Devotion

The gods are honored at the parades. Many Krewes and their parades are named after ancient deities and figures from myth and legend of different cultures and traditions. Bacchus, named after the god of wine, feasting, and revelry is one of the most popular parades in the calendar. There is also Orpheus (co-founded by musician, Harry Connick, jr.), Thoth, Poseidon, Nefertiti, and Isis – among many others.

Parading under the name of a particular deity honors that deity. I imagine that they smile down at the revelry that surrounds the parade and the big crowds full of dancing and excitement. Not to imply that people going to Isis or Orpheus parades attend with the intention of honoring them. That’s rarely the case. But they are gathering under the banner of that entity which does have some significance.

There is also the embodiment of the deity honored in at least one of the parades. Most parades have a King or Queen who rides on the first float. For Bacchus, that honor is given to a celebrity who is then “Bacchus” for that year’s parade. Doubloons with the face of that person and the theme of the parade are coveted throws. Bob Hope, William Shatner, Dick Clark, Nicholas Cage, and Will Ferrell have all had the honor of being “Bacchus”. This year it’s Robin Thicke.

Intentional or not, by recalling the names of the deities and honoring them these parades facilitate a relationship with them and the possibility of receiving blessings if they are pleased.

Purpose

Taken in aggregate, the dozens of parades during Mardi Gras season have a larger purpose. All of them honor celebration for celebration’s sake.

“Les allez bon temps roule!” Is a city motto that means “Let the good times roll!” The Mardi Gras season as a whole simply celebrates Joy, Fun, Good Times, and Camaraderie. It celebrates indulging in everything that brings people pleasure. Most often these pleasures are the simple ones – good food, good wine, good music and sharing that with friends and family.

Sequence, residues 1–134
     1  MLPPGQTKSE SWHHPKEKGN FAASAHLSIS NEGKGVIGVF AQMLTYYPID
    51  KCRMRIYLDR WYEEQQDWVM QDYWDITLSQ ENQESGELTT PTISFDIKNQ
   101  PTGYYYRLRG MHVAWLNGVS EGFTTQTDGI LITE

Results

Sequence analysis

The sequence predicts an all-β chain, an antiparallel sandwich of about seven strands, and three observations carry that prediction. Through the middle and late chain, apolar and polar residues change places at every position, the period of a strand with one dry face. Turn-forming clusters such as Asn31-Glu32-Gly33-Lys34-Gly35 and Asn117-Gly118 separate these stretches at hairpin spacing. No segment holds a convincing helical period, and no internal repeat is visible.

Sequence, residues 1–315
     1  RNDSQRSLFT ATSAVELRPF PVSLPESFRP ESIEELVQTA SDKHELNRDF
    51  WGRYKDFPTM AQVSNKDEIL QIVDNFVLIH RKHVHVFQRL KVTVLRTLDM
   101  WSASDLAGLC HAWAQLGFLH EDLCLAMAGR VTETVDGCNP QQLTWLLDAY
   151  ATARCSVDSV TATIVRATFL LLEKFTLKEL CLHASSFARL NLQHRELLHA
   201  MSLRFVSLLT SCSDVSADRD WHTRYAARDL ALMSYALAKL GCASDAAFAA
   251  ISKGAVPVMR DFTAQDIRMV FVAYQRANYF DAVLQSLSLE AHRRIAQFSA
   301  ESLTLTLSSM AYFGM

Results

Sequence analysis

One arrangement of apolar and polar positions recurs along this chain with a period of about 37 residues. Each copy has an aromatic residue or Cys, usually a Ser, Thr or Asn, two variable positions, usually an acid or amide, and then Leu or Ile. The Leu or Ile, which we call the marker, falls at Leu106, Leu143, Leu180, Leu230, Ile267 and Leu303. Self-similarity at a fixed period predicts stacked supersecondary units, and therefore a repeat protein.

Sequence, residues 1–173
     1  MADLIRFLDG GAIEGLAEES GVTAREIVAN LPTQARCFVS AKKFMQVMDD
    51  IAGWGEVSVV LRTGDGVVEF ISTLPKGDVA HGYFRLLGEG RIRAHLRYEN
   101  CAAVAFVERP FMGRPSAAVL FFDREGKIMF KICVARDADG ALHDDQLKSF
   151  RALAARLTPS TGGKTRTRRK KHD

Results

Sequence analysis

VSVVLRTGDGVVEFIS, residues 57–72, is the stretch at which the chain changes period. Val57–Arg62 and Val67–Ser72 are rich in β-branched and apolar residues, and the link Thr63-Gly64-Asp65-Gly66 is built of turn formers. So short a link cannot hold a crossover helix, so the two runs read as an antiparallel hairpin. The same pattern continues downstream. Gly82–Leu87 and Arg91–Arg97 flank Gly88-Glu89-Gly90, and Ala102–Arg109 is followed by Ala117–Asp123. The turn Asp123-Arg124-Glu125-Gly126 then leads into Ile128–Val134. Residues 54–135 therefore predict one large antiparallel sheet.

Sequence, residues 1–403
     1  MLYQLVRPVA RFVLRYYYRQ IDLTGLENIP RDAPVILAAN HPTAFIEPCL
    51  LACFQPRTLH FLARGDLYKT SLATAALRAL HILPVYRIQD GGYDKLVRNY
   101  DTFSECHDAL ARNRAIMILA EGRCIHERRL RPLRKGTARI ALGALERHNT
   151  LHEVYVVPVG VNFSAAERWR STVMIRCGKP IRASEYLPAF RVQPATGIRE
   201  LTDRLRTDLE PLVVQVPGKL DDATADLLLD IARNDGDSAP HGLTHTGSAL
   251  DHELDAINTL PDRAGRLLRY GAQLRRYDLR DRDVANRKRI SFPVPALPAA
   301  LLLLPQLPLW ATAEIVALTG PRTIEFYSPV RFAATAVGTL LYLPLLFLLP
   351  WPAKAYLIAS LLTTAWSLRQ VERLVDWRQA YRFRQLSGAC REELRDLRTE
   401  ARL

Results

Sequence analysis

During Mardi Gras, there is a sense of laying down your burdens for that one day. Schools and most businesses are closed. Parades block most city streets. Might as well join the party and forget about your troubles for a while.

Mardi Gras is the ultimate guilt-free cheat day. There is no fasting on Mardi Gras. Sacrifice and self denial are for the day after. Mardi Gras day honors the sheer pleasure of being human and recognizes that there is a time for indulgence. It recognizes that it should not be shameful to honor ones desires. It’s what makes life sweet.

It never ceases to amaze me that the city of New Orleans takes out one day a year for its citizens to remember this and to share in it.

Although it’s been many years since I’ve been to Mardi Gras, I still honor it. I wear my beads proudly on the day. Sometimes, I’ll decorate the house in Mardi Gras flags of purple, green, and gold. (My neighbors think it’s a sports thing.)

I order King Cake and share it with my family and friends. I tell them about the last time I was at a parade with my mom and how we met a group of young men visiting from out of town who were eating boiled crawfish out of a black trash bag. They eagerly shared some with us. (It was delicious.) I tell them of giving my grandfather the doubloons that I caught for his collection and how we’d look at each one.

On Mardi Gras day, we’ll have our favorite foods and extra dessert. After dinner we’ll listen to Mardi Gras classics, and sink into the magic of the sweet life and hopes for another year of prosperity and good times.